The Blame Game at KPFA
October 16, 2012
KPFA Radio, the first listener-sponsored radio station and progressive media outlet, is having board elections in November. Many of you will say “again?” - having recently received postcards and ballots for a recall election just a few months ago. This time, however, your vote will count, and there are some important decisions to be made. This article is intended to help you decide how to vote if you are a KPFA member – and encourage you to do so. It’s not as hard as it may feel to decipher all the rhetoric!
Basically, there are two slates of candidates--United for Community Radio (UCR) and Save KPFA --and you will make a choice to largely support one or the other. Details on the candidates running and their statements can be found on the web as each slate has a website: UCR at votecommunityradio.org and Save KPFA at savekpfa.org.
But let’s cut to the chase and answer the question: what is the fighting all about?
It all began five or six years ago. KPFA started to show declining membership numbers in 2006 and hit a deep crevice when the economy collapsed. The decline was up to 30% by the spring of 2009. At a non-profit where 85% of all income derives from listener-member donations, that is a big crisis.
When then-board treasurer (and Save KPFA poster boy) Brian Edwards-Tiekert presented the draft budget to the board on July 11, 2009, here is what he said:
“The bottom line--with all the caveats about rough numbers that I spelled out above--is a minimal (sic) operating surplus before capital expenses, and a minimal cash deficit afterwards. But getting to that break-even point requires cutting around $430,000 in salaries and benefits, and eliminating most consultant spending”
A year before, in May of 2008, Edwards-Tiekert had addressed the national board of directors and said:
"We have spent, and budgeted, as if a one-time spike in listenership and listener support was long term growth, which it was not. … We have a lot more people on payroll; and it hurts to cut jobs … it hurts us as social-justice people. …And you get pushed back, you get politicking, you get coalitions to block any kind of job cut, so the path of least resistance is to first spend down your savings, as long as you got money to pay the bills, and then go, ‘Oh my god, we’re headed over a cliff now,’ which is where we are now.”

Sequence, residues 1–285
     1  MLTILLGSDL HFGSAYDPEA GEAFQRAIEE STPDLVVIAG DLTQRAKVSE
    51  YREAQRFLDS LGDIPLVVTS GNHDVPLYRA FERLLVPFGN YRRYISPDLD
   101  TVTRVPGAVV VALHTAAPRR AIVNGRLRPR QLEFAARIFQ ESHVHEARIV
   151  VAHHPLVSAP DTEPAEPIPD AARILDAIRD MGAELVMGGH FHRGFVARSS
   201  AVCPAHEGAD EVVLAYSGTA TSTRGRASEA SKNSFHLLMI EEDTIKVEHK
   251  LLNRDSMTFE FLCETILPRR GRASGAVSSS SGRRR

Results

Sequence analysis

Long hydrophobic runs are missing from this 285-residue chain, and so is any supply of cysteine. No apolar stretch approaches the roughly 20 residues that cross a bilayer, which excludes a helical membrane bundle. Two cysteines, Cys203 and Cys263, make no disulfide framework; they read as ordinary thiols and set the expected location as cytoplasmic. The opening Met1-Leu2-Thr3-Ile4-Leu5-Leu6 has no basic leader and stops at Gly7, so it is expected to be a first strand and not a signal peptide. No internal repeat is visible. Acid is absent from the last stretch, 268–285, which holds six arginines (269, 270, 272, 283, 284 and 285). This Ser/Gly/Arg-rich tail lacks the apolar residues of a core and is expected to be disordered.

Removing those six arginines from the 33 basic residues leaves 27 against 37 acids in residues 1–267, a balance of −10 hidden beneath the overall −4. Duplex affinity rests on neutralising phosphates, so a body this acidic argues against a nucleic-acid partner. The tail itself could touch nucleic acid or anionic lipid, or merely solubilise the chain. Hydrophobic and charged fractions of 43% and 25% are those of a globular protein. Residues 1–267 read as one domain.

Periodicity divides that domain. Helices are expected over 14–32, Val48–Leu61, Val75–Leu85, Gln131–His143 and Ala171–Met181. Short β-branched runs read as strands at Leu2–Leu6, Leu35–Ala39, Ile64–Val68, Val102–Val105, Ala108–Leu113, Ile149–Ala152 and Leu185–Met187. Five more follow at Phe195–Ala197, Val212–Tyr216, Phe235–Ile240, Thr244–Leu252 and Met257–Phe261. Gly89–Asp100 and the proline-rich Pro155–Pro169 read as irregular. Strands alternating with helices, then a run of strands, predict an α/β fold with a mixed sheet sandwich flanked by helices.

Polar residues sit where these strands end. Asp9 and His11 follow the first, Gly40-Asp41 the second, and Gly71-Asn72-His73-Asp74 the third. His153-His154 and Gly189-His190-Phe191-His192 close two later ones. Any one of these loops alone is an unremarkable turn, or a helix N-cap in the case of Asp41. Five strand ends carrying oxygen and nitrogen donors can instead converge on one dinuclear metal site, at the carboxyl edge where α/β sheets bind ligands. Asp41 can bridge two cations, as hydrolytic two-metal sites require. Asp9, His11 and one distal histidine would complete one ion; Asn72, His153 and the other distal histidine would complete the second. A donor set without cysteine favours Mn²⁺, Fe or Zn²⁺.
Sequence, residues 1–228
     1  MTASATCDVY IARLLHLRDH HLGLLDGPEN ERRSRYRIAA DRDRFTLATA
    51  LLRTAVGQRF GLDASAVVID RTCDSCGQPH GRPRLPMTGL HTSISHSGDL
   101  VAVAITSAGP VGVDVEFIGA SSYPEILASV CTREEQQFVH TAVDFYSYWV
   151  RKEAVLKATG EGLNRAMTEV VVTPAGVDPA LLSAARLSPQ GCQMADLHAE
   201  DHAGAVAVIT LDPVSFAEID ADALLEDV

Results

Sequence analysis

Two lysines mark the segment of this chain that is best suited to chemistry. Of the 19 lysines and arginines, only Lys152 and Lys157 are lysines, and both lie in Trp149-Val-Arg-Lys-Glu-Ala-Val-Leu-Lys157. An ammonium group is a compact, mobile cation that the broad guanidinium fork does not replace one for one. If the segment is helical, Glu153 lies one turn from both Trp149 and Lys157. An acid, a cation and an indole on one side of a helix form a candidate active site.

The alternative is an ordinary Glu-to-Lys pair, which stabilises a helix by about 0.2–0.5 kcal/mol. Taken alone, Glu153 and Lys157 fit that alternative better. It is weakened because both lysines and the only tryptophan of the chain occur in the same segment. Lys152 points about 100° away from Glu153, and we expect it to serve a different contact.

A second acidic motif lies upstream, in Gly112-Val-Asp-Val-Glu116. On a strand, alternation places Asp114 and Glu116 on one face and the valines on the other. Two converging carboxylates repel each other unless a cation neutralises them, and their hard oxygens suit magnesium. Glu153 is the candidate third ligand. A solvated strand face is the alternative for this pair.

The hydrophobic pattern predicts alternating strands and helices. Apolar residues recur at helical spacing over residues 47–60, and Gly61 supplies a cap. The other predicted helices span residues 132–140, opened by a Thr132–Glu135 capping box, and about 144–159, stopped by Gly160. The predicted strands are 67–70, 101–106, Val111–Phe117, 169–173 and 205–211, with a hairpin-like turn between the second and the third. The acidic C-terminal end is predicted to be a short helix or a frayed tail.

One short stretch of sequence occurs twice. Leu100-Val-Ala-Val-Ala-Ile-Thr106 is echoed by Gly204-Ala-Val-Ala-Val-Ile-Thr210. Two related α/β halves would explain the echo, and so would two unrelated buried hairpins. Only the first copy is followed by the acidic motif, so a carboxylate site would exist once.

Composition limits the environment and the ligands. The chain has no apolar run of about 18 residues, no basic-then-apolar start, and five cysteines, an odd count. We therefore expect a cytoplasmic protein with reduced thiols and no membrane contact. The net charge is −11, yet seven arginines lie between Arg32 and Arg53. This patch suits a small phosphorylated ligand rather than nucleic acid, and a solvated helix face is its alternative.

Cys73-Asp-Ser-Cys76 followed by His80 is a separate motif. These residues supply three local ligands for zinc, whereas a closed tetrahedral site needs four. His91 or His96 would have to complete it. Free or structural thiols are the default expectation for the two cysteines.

In fact, neither the final 2008 nor the 2009 budgets contained the cuts necessary to get to the break-even point, and just as Edwards-Tiekert anticipated, the station went right over the cliff., losing $575,000 in the year ending September 30, 2008 and another $585,000 in the year ending September 30, 2009. By 2010, there was no money left to pay the bills and the cuts happened.
The tragic thing for KPFA, besides the fiscal crisis itself, was that the scenario Edwards-Tiekert laid out went down exactly as predicted: There was push back, there was politicking, there was a coalition to block any kind of job cut. Ironically, it was Edwards-Tiekert himself who led the charge, along with his comrades in Save KPFA.
They inundated KPFA members with accusatory and angry emails, filed (and lost) five different complaints with the National Labor Relations Board, filed (and lost) a union arbitration, filed bogus lawsuits and a recall election, ran competing private fund drives and basically did everything they could to make people (and KPFA itself) “pay” for getting back to the breakeven point from the bottom of the cliff where they never should have gone in the first place.
There’s a fundamental dishonesty to that.
So here we are in 2012. The last two years have been filled with charges and denunciations. Recall elections have been launched. Another executive director has bitten the dust. Yet KPFA’s website is technologically backward, no Internet channels have been launched, KPFA hasn’t gotten a grant in years, and the current fund drive is struggling. What have we gotten from this Save KPFA coalition to block any kind of job cut, this politicking, this push back?
Obstruction, anger, declarations of revenge. Making people pay.
I don’t want it to seem as if this article is an attack on Brian Edwards-Tiekert. It’s not. I would fight to save my job if it was in danger and everyone’s job is in danger when their employer experiences huge losses and a fiscal crisis. Nowadays, everyone’s job is in danger all the time because the 1% has looted this country and brought it to the brink of catastrophe.
Which is why we have to stop messing around with one of the few progressive media outlets we have and hold Save KPFA accountable for their destructive and fear-based campaign. They aren’t helping KPFA. In the year since the recall campaign was launched last fall, KPFA slipped from 21,455 members to 19,800 in July of 2012. That’s the wrong direction. It’s not working.
So to you 19,800 remaining members and anyone reading this who isn’t a member and should be, we don’t have to keep falling over the cliff again and again. $3.4 million dollars (KPFA’s current annual budget) is a lot of money. Stations all over the country demonstrate every day that you can have a vital, healthy, radical voice for change for a lot less than that. You just can’t piddle it all away in a pitched battle about who is to blame for financial stresses everyone understands and no one likes.
Join Larry Shoup, Karen Pickett, Ramses Teon Nichols, Samsarah Morgan, Andrea Prichett, Dave Welsh, Oriana Saportas, Beth Seligman, Kate Tanaka and Virginia Browning, and vote United for Community Radio (votecommunityradio.org) for a vision for KPFA's survival a little deeper than the blame game.
TRACY ROSENBERG is the executive director of Media Alliance, and a local and national board member for KPFA. She knows a little bit about the blame game.
The above article was posted on the Berkeley Daily Planet website on Oct 14, 2012. This is the updated version of October 16th.
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